Next schedules sessions will be offered in February of 2014 at the NIU Campus in Hoffman Estates, IL. 


OSHA 10-Hour February 17-18, 2014


Register now 


OSHA 30-Hour February 17-20, 2014


Register  now  

OSHA to Use EPA TRI Data to Target Hazardous Chemical Inspections


OSHA is launching a local emphasis program in Kansas, Nebraska, and Missouri for programmed health inspections of industries known to use hazardous chemicals and who have reported release of such chemicals to the EPA. The goal is to reduce occupational illnesses and deaths.


"This local emphasis program will make efficient use of OSHA's industrial hygiene resources by focusing on industrial sites that are known to have released EPA-monitored hazardous chemicals," said Marcia Drumm, acting regional administrator for OSHA in Kansas City. "Through this program, OSHA will improve education for company management and strengthen protections for workers exposed to these chemicals."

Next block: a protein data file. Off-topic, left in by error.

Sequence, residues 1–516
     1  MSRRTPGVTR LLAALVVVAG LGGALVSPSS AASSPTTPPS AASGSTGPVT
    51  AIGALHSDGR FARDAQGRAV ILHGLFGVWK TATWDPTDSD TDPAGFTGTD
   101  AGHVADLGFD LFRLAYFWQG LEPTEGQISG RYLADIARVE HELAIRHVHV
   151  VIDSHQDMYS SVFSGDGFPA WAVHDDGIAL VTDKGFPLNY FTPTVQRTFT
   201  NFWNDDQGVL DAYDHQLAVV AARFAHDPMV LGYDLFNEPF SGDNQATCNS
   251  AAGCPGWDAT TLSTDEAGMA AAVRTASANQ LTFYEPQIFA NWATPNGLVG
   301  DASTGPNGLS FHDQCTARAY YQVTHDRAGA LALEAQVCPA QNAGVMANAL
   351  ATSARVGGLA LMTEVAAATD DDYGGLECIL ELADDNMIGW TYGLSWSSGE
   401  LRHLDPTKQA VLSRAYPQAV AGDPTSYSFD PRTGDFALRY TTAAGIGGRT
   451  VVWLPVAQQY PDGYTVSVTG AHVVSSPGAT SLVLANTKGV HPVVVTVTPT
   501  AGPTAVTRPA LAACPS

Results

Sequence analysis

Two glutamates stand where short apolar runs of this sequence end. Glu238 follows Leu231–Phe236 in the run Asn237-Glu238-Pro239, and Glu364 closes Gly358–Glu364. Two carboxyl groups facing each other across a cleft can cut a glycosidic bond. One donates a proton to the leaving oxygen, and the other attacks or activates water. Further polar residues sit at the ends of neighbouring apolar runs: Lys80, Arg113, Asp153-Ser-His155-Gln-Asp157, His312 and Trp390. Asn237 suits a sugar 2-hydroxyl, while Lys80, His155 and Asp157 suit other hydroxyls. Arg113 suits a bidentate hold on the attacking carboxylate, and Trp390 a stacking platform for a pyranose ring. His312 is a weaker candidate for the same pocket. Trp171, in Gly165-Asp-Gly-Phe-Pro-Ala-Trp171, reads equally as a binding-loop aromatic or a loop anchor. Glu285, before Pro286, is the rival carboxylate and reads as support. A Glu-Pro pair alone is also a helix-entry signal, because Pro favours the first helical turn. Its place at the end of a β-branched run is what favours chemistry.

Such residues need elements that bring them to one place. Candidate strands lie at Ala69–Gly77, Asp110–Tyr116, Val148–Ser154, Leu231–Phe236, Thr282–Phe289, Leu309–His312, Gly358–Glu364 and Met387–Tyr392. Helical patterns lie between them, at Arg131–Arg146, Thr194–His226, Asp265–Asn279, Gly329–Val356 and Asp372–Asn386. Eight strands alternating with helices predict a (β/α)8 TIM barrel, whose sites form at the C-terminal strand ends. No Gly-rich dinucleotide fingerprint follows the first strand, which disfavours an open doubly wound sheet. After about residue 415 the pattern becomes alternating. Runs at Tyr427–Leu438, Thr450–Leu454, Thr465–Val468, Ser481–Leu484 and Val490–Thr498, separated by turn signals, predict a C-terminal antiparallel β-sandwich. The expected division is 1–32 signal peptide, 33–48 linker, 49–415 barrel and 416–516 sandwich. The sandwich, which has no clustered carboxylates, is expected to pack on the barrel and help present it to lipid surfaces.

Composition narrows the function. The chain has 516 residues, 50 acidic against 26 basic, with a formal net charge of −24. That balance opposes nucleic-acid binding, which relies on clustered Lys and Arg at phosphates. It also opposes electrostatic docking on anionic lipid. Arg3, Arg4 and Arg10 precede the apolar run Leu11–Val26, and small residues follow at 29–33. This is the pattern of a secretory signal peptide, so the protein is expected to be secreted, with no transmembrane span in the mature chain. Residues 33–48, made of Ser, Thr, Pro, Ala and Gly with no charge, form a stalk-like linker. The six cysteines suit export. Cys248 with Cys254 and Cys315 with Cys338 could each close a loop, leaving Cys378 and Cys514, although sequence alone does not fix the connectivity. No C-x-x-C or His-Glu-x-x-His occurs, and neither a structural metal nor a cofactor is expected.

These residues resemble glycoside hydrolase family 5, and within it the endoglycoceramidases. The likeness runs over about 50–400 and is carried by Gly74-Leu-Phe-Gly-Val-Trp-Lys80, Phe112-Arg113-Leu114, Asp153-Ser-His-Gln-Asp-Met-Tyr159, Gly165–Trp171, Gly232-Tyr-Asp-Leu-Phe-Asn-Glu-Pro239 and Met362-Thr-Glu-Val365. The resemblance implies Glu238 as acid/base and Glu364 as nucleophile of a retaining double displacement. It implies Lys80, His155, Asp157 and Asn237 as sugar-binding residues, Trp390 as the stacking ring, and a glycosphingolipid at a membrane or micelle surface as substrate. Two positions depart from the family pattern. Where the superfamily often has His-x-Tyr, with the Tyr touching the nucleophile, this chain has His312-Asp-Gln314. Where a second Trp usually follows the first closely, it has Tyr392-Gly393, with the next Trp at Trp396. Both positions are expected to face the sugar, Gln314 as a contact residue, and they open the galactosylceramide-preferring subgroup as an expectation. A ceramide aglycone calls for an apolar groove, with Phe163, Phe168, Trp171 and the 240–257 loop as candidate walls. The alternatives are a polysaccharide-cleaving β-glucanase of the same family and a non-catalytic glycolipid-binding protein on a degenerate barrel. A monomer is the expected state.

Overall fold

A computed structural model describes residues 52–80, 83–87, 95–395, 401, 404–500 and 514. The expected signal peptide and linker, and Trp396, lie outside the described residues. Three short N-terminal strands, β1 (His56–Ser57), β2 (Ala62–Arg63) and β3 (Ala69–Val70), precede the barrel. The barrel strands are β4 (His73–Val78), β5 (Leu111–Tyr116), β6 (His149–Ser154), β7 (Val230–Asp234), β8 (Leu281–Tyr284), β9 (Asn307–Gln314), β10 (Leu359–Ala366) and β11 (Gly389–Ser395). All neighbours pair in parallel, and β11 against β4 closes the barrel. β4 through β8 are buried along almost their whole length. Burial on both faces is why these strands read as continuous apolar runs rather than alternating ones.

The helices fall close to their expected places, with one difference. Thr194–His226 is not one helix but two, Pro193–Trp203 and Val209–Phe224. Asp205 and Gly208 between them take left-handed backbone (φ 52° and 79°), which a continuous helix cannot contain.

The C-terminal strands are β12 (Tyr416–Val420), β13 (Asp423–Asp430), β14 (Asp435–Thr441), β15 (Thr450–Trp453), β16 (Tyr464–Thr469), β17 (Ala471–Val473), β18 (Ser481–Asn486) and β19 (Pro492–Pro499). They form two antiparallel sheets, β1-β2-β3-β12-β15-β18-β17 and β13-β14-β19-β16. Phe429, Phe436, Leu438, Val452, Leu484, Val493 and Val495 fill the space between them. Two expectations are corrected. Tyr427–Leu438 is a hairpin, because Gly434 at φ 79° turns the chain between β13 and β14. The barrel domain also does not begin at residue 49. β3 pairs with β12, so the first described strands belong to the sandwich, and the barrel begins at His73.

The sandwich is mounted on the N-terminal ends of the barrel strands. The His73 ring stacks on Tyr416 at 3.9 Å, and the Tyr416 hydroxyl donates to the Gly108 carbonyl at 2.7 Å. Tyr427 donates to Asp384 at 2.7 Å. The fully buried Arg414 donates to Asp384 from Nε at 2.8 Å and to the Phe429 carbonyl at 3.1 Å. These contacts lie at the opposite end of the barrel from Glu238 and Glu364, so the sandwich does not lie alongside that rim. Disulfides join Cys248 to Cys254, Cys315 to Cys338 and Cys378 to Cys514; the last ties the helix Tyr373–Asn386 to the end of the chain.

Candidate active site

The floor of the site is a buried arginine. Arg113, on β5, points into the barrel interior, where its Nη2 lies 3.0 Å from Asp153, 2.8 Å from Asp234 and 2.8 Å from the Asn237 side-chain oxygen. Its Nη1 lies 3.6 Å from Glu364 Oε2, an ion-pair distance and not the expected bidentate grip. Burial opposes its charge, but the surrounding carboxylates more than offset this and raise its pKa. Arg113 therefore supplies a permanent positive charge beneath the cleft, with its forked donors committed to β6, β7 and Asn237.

Chemicals reported to the EPA that have been released into the environment include ammonia; barium, chromium and copper compounds; hydrochloric acid; hydrogen fluoride; lead and manganese compounds; N-hexane; styrene; sulfuric acid; and nitrate, vanadium, and zinc compounds.


Industries will be selected for inspection based on site-specific chemical release data from the EPA's TRI Explorer database, which lists industry establishments that have released chemical quantities equal to or exceeding 100,000 lbs.

OSHA has created a toolkit to identify safer chemicals that can be used in place of more hazardous ones.



OSHA Citations
Fertilizer Company, West Texas